Nursing Home Providers Advocate for More Funding Accountability Through New Incentivized Program
PHCA develops ecwip program to enhance care and improve state funding
Harrisburg, PA (January 29, 2024) — The Pennsylvania Health Care Association (PHCA) is asking Governor Josh Shapiro and the state legislature to adopt and fund a quality incentive program designed to enhance care and reward high-performing long-term care providers. The Enhancing Care With Incentivized Payments program –– or ecwip –– evaluates current data to measure key quality outcomes of resident care at each nursing facility. If providers meet or exceed the metric goals, they will be “equipped” with additional funds to further improve care outcomes.
“Nursing home providers in PHCA membership and across the commonwealth are grappling with insufficient reimbursement rates and rising costs, while trying to remain focused on delivering the best possible care to our most vulnerable residents,” said Zach Shamberg, president and CEO of the Pennsylvania Health Care Association. “Recognizing this, we developed ecwip to support providers who are enhancing resident care by rewarding them with additional funds that can be reinvested into their mission of caring for others. If providers don’t meet the grade, they don’t receive additional funding –– it’s that simple. This adds a whole new layer of accountability for state funding that should be allocated for the high-quality care of our loved ones and neighbors.”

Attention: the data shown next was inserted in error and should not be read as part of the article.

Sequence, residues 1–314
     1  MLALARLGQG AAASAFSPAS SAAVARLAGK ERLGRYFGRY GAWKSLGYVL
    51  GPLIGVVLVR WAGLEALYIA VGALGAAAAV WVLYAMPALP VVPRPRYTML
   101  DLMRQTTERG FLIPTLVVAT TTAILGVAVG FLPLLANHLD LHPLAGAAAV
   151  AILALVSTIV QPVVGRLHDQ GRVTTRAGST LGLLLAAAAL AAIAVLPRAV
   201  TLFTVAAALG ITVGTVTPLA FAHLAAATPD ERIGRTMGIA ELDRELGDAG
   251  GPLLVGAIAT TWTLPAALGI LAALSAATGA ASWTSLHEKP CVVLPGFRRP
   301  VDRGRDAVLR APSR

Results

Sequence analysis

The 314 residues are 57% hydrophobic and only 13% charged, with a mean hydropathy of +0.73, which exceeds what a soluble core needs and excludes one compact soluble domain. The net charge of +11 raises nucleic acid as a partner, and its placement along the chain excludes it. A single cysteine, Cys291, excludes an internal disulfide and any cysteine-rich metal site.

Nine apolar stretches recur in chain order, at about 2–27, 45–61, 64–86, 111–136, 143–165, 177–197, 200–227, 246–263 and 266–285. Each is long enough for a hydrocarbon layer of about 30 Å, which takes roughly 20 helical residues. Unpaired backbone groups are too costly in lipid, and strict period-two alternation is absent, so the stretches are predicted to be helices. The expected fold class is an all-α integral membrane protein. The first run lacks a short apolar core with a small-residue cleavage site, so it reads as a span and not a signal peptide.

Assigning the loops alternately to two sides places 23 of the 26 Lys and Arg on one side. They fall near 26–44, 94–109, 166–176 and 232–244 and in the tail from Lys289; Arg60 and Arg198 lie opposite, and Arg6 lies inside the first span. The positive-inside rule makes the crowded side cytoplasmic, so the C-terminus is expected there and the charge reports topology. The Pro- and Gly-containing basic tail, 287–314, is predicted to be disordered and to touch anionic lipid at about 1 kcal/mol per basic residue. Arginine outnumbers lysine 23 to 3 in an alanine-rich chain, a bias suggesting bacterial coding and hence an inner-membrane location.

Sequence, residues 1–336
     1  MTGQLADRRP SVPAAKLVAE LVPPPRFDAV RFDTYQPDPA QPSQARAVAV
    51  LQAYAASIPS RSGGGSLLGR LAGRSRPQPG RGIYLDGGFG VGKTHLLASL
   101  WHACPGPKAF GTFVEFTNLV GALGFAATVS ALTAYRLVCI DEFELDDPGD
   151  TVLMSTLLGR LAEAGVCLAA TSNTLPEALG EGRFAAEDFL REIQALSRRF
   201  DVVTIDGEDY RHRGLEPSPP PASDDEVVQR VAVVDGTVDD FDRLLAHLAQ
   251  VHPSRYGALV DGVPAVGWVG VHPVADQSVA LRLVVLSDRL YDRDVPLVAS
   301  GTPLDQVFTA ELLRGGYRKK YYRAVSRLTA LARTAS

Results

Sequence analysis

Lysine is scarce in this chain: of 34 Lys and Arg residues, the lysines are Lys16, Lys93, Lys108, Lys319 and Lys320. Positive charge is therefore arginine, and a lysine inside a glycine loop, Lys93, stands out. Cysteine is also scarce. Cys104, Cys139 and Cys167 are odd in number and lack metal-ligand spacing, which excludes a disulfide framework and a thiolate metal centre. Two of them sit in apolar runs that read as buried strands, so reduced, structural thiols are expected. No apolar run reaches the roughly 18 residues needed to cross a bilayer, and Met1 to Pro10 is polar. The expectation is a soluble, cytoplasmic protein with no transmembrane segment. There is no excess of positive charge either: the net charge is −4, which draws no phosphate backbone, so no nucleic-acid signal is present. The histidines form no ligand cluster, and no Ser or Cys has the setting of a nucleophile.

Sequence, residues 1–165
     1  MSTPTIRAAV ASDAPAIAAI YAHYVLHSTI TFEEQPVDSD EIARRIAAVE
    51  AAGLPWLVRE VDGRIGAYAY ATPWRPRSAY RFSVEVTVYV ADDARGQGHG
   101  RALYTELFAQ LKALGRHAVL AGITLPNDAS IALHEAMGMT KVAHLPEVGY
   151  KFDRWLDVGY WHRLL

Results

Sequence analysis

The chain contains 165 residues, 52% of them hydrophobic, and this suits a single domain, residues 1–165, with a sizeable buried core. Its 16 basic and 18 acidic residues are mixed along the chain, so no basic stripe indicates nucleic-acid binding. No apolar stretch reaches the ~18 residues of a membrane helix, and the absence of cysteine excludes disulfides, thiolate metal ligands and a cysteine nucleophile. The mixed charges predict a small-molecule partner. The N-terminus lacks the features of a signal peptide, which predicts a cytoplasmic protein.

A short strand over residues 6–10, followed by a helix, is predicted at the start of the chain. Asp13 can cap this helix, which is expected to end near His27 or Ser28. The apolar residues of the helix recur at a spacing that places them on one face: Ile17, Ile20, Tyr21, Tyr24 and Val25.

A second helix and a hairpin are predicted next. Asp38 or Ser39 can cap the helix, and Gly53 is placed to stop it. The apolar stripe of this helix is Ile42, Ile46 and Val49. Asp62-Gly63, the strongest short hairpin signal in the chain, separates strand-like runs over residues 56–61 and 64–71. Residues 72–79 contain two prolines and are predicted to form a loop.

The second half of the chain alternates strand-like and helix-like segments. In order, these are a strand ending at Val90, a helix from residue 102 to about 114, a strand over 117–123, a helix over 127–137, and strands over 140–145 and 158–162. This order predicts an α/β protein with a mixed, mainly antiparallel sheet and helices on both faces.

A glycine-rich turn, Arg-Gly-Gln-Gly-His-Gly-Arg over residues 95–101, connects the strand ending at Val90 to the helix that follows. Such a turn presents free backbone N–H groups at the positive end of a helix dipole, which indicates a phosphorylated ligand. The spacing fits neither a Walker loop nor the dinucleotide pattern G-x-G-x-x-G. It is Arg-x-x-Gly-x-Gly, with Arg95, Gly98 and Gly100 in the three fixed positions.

PHCA is advocating in this year’s state budget for the adoption of ecwip and the allocation of $100 million from the state to fund the program. This innovative funding solution will further motivate providers to elevate standards of care by incentivizing performance results. Providers that do not maintain or elevate their resident care outcomes will not receive additional funding, leaving more funds to reward providers that are meeting the new goals.
“This is not a typical state budget request for more funding with no strings attached. This is not an ask for a handout,” Shamberg said. “This is an essential industry joining together and saying, ‘make a commitment to invest in high-quality senior care and reward us when we earn it.’ Why wouldn’t state leaders want to see more accountability for state dollars?”
PHCA’s ecwip program focuses on four key quality measures:
- Percentage of long-stay residents experiencing one or more falls with major injury
- Percentage of long-stay residents with pressure ulcers
- Percentage of long-stay residents with worsening activities of daily living (ADL)
- Total nursing staff turnover rate
ecwip favorably incentivizes providers that disproportionately care for more Medicaid-reliant residents, or low-income residents. High-Medicaid providers are likely to have less revenue to invest in resident care because Pennsylvania’s Medicaid reimbursement rate falls short of the actual cost of care.
Twenty-four other states have already implemented similar programs to expand funding support and enhance care. Ohio launched an incentive program in 2020 that also focused on four quality metrics. The statewide average for those four measures improved by an average of 34%. Ohio is now ranked within the top four states in three of the four quality measures.
“We must all step up to enhance care and meet the growing demand of caring for our aging population,” Shamberg added. “And that includes funding this critical need.”
PHCA will continue to work with the Shapiro administration and members of the General Assembly on the adoption of ecwip.
To learn more about PHCA’s ecwip program, click here.